Here's why they're called the Rockies

December 2nd, 2021

DENVER -- It took a decades-long climb to bring Major League baseball to a city and a time zone skipped by America’s image makers. Consider the mountain of obstacles overcome, and "Colorado Rockies" was the only appropriate name for a franchise that was established on July 5, 1991, two seasons before it took the fieldB

From there, the team’s identifying color -- and, yes, even its bubbly dinosaur mascot -- fell into place.

According to “Colorado Rockies: The Inaugural Season,” a hardcover commemoration of the team’s 1993 expansion year, professional baseball evolved in the area from 1883-85. The teams went by the Denvers, Colts, Trojans, Skyscrapers, Gulfs, Rough Riders, Mountaineers, Bears (for a long and glorious Triple-A period), Grizzlies and Zephyrs. But none could call itself a Major League club.

Denver was a gem of a proposed third Major League in the early 1960s: the Continental League, which never materialized. The ensuing decades were full of rumors of relocations for several teams -- including the Athletics, Pirates, Giants and Mariners. However, Denver used the strength of the entire Rocky Mountain region in its successful pursuit of the franchise in the early '90s.

Television viewers of other regions can recall the announcements of network programming across Eastern, Central and Pacific time zones. They skipped not just an hour, but they peeved the entire Mountain Time Zone. No wonder “The Time Zone Without a Team” became a rallying cry of the committee pursuing a club.

With Denver joining the State of Colorado to build what would be known as Coors Field, and with the team aggressively marketing in an eight-state area, the team picked the name that made the most sense.

“The Colorado Rockies are internationally recognized as the prominent feature of our state,” said John Antonucci, the Rockies’ CEO at the time. “Our goal is to build a franchise as strong and enduring as the Rocky Mountains themselves.”

There had been a National Hockey League franchise by the same name from 1976-82, but they had long become the New Jersey Devils and had faded from the minds of fans excited for baseball.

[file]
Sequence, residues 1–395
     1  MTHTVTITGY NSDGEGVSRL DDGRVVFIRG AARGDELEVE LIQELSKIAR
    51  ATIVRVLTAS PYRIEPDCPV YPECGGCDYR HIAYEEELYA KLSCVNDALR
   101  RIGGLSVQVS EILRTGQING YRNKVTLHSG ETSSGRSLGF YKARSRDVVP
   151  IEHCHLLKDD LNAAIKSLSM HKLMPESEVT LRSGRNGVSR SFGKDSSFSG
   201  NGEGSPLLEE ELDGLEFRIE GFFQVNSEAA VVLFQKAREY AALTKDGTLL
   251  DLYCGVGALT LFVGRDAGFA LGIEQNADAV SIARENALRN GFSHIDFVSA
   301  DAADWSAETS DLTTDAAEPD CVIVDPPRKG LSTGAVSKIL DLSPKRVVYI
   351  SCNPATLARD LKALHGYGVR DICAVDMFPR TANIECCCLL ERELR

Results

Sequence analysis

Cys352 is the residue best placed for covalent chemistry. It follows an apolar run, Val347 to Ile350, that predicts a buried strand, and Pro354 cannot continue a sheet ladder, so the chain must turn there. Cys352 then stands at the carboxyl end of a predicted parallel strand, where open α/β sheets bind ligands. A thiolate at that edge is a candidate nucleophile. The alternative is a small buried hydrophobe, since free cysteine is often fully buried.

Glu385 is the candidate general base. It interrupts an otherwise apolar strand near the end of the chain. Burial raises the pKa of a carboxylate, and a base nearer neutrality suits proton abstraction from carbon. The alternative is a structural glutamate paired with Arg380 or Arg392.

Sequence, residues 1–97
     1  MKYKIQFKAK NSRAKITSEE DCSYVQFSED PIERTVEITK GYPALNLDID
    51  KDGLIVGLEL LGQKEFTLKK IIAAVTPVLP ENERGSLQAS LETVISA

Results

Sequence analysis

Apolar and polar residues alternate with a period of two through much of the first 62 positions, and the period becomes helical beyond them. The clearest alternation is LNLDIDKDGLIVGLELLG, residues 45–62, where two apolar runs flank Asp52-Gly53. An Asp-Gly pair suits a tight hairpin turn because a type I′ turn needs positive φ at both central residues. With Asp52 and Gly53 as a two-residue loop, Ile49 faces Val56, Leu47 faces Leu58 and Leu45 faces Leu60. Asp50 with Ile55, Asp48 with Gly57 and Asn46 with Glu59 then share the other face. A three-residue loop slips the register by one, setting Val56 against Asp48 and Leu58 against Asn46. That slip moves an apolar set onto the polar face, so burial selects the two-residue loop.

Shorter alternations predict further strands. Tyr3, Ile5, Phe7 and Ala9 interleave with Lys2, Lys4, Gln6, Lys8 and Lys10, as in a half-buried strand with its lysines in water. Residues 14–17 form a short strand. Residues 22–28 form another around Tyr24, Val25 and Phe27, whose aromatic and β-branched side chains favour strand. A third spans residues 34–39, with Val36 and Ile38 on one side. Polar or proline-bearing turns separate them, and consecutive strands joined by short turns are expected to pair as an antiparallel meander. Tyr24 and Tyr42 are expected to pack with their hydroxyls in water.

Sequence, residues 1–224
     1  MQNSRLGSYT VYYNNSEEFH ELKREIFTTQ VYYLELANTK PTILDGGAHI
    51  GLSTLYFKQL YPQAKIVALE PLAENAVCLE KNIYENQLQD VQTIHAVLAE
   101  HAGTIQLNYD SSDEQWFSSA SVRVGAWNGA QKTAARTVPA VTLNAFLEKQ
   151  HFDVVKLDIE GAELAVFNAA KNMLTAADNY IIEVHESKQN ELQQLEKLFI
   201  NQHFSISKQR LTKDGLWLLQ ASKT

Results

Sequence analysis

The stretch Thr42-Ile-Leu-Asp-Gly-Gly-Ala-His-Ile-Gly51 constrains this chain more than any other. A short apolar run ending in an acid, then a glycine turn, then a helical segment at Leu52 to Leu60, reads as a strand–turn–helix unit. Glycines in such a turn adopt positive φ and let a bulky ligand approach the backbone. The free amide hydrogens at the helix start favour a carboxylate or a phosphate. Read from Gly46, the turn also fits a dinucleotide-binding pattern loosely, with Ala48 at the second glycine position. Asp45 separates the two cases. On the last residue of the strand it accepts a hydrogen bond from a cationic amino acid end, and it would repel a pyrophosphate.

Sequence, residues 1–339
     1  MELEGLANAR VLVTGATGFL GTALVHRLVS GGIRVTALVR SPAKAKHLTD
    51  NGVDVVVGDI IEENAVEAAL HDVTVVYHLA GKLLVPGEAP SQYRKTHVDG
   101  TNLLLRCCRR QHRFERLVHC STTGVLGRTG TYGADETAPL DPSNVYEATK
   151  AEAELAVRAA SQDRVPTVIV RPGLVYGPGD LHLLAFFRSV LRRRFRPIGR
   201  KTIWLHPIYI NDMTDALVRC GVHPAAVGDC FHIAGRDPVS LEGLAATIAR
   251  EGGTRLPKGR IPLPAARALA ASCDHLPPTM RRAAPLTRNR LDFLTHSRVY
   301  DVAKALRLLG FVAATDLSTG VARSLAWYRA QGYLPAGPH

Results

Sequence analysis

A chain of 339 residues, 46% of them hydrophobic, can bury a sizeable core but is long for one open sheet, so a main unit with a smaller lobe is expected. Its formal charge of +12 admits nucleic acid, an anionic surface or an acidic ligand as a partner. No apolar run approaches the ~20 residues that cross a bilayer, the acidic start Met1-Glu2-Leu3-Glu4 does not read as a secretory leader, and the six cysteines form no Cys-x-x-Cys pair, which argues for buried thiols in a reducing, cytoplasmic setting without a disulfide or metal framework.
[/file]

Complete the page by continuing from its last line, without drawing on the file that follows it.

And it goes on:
And the team’s defining color -- purple, not used in MLB since the New York Giants wore “violet” from 1914-17 -- was as apropos and unavoidable as the new baseball team’s name.

Katharine Lee Bates, a Wellesley College professor who spent the summer of 1893 teaching at Colorado College in Colorado Springs, took a journey to the summit of Pikes Peak. The venue sparked her line, “purple mountain majesty,” in her poem that would become, “America the Beautiful.” The franchise was modern, as indicated by then-trendy colors of black and silver. But it also respected baseball tradition with a primary home uniform featuring Purple Pinstripes -- one that is largely unchanged nearly 30 years later.

And even the mascot, Dinger, the roly-poly triceratops mascot, is rooted in Rocky Mountain history.

In unveiling Dinger, the club announced that it had discovered dinosaur bones while digging at the corner of 20th and Blake Streets, the site of Coors Field.


Well, reporter Vic Vela of Colorado Public Radio dug to the bottom of this story. He tracked down dinosaur curator Joe Sertich of the Denver Museum of Nature and Science, who said that many fossils were uncovered during the construction boom of the 1990s.

And, yes, they were found at the Coors site. To be sure, Sertich showed Vela to the depths of the climate-controlled paleontology collection, where he pulled out a box barely large enough for a watch labeled, “Dinger.”

“That’s Dinger,” Sertich told Vela. “So, our purple Colorado Rockies mascot is based on this little, four-inch rib and some fragments.

“Yeah, I’d say Dinger is not really an important discovery for science, but in terms of pop culture, it might be the biggest discovery in Denver’s history.”